Colors: Red and black, with orange flames licking up the sides of the jerseys.

Logo: A cartoon devil catching a pop fly with a basket on hand in place of a glove.

Mascot: Helen, a female devil

Promotions: Helen shoots the t-shirt gun and fans try to catch the shirts with handbaskets. Binge-and-purge(atory) hotdog eating contest. Trident toss.

Ballpark Quirk: There will be a giant basket embedded in the right field fence. If a player hits a home run into the basket, everybody at the game gets a free 5-Alarm Chilidog.


CLASS A-SHORT SEASON: Introducing the Milwaukie Brewers


Despite my best efforts, the Brewers do not have a Short Season-A team. When the Northwest League’s Yakima Bears moved south from Washington, initial word was that a new stadium would be built in Milwaukie, Oregon, a suburb of Portland. At the 11th hour, the Hillsboro city council jammed through a stadium bill, and the Hops were born. If the Northwest League expands, or if an underperforming franchise (I’m looking at you, Tri-Cities Dust Devils!) relocates, how great would it be if the Portland area had a second team? Obviously, the Crew would sign the PDC and the new team would be called the Milwaukie Brewers. Every year, they would compete with the Hops for the Rip City Golden Mug, and Portlandia denizens would be drinking every last drop of baseball enjoyment.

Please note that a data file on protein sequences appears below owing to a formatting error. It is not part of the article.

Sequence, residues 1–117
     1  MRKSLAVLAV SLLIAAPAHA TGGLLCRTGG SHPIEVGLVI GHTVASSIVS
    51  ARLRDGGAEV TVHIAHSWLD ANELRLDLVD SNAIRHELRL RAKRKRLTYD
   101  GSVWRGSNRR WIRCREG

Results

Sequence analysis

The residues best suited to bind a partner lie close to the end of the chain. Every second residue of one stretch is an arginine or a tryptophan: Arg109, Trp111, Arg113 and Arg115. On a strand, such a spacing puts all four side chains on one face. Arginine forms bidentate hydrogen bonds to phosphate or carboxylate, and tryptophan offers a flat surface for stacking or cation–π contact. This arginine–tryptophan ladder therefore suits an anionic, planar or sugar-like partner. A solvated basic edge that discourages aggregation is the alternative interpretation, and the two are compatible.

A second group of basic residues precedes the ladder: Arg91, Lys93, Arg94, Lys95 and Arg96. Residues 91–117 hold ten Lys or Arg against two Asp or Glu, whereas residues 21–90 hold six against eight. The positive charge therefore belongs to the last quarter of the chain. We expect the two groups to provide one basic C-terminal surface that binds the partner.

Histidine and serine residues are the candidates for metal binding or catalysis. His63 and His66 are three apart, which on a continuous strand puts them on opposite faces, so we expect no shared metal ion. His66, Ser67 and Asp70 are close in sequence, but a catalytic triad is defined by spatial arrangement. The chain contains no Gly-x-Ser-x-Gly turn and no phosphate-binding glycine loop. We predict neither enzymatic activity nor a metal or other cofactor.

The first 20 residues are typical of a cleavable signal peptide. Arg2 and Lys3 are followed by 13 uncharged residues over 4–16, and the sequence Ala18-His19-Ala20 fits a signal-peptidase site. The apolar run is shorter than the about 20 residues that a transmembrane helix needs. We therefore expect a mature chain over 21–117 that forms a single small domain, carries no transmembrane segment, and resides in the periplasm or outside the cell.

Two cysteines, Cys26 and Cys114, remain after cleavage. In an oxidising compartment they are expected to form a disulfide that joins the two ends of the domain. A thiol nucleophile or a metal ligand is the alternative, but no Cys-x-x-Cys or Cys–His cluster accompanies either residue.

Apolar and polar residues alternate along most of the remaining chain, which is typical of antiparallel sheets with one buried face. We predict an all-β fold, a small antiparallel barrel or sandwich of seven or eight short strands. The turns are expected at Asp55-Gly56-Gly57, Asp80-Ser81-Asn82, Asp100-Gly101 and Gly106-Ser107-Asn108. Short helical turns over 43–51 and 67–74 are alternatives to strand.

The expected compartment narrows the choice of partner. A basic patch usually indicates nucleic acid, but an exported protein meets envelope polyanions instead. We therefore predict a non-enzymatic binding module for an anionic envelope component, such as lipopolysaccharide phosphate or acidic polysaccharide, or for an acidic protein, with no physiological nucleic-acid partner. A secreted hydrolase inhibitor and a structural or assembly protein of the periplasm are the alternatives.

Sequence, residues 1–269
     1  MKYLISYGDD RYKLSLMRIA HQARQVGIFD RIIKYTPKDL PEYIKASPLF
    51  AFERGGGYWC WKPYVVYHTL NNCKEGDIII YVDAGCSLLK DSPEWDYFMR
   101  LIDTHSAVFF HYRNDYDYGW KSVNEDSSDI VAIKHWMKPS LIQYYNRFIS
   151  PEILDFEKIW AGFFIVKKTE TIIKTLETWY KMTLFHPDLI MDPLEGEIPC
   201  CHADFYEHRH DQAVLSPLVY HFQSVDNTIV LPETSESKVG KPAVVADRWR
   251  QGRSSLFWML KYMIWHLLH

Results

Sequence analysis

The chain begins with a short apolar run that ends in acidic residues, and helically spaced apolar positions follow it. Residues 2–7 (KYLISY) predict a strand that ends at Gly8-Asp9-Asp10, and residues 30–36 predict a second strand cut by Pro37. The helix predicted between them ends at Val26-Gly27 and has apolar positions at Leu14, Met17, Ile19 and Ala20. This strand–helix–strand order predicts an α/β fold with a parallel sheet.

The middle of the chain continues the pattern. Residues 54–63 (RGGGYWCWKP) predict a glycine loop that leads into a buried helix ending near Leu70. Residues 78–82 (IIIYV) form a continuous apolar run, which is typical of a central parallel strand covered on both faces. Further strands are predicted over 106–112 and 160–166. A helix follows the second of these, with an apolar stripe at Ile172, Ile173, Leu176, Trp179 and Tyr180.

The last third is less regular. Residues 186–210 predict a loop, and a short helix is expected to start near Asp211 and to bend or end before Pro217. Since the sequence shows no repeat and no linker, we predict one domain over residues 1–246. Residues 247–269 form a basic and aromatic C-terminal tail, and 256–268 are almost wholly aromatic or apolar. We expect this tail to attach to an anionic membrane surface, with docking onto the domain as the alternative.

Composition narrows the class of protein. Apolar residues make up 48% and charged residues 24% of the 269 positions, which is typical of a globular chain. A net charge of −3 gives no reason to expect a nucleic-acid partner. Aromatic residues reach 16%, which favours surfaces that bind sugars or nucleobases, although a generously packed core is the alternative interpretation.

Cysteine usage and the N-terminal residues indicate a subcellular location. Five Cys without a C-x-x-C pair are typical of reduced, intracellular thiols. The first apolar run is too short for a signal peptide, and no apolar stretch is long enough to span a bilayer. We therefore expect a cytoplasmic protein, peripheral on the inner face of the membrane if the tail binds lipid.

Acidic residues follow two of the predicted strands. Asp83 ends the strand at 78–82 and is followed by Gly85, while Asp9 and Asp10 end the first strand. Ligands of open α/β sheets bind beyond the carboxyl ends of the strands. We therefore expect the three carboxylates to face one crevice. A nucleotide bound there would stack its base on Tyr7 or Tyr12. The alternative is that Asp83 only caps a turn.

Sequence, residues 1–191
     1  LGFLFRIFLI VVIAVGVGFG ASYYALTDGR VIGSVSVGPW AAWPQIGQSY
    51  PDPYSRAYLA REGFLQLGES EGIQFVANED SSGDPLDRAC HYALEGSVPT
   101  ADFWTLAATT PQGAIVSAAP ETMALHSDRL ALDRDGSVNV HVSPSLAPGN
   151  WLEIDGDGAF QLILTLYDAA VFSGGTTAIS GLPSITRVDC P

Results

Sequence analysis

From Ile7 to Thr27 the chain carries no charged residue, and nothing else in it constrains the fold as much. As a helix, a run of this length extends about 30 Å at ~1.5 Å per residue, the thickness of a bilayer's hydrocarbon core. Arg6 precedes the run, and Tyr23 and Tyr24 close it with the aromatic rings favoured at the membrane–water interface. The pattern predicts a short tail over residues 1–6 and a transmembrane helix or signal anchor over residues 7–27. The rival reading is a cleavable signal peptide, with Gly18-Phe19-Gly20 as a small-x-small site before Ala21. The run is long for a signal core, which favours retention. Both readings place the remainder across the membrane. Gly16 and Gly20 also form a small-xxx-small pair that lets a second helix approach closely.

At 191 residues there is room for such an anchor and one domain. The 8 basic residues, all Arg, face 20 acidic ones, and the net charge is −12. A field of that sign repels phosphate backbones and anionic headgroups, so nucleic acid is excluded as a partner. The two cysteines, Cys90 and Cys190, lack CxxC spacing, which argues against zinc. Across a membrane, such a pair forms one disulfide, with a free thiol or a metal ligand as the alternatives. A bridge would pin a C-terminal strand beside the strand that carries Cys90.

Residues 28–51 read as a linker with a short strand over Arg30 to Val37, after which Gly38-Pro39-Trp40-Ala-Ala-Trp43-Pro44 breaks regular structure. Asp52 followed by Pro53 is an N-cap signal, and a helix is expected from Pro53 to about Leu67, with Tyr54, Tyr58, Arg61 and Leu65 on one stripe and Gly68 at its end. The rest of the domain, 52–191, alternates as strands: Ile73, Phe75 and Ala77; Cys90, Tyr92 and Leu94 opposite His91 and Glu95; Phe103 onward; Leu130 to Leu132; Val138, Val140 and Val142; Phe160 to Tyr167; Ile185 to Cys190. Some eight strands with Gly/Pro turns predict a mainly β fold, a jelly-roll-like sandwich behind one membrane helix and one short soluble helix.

CLASS A: Timber Rattlers vs. Foxes

I’d like to end this on a serious note, and one that should spark some lively debate among commenters. I have no strong opinion on this topic, but I have seen it brought up enough that it deserves mentioning. Should the Brewers’ Midwest League affiliate remain the Rattlers, or should they go back to their old name, the Foxes? Let’s debate.